By 1888, expenses for running Towner's mining ventures exceeded what he was receiving from valuable mineral extractions. Nearly broke and leaving bills unpaid, Towner moved to Kansas City and returned to selling real estate. In 1889, he became involved in several legal litigations. In February, two different summons were issued by Vestal, claiming that Towner owed him money for expenses and labor involving dealings with their joint mining operations. In October, Towner, along with Cowling and Shober, were sued by a Missouri landowner over land that the owner sold, but only received partial payment.

When North Dakota became a state in 1889, Towner returned his focus to the place he had called home for seven years. Knowing there was still good, available land in the north-central region of the state, he hoped to recoup the losses he had sustained from his mining ventures.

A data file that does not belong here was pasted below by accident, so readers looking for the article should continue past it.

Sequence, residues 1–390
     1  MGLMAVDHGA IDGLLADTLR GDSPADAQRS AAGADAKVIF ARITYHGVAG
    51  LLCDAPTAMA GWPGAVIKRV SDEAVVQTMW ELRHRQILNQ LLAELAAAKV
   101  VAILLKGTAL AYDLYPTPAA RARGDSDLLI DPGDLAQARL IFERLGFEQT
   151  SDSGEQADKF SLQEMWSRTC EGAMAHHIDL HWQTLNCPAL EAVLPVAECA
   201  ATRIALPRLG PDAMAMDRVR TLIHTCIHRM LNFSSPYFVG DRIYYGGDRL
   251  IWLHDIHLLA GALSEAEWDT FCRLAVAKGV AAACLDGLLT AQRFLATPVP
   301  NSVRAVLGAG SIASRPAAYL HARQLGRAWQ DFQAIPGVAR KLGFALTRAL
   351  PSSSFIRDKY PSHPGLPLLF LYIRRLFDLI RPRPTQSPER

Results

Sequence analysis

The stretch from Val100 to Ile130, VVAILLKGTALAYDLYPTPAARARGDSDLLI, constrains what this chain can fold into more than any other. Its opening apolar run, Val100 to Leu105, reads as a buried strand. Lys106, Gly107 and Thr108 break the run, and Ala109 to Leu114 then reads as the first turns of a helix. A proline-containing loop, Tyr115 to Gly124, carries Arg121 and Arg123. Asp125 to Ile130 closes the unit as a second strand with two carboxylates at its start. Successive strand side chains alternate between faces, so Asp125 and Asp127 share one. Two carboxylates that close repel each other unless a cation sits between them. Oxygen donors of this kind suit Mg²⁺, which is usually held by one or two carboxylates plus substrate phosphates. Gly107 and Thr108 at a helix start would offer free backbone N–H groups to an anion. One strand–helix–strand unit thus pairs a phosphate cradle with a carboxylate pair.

Through a Chicago-based syndicate called the Northwestern Farm Land Company, Towner traveled the country promoting the sale of farmland in six counties, five in North Dakota and one in Minnesota. Towner's pitch was to entice German emigrants to purchase this land and grow barley for malting purposes on their farms. The syndicate would then buy the barley.

On behalf of the company, Towner reportedly purchased 250,000 acres in Nelson, Towner, Ramsey, Steele and Bottineau counties in North Dakota, and Norman County in Minnesota. For legal advice, he relied on Arthur Noyes, a former Grand Forks lawyer who was now practicing law in Minneapolis. Noyes was later sent to federal prison for illegal practices.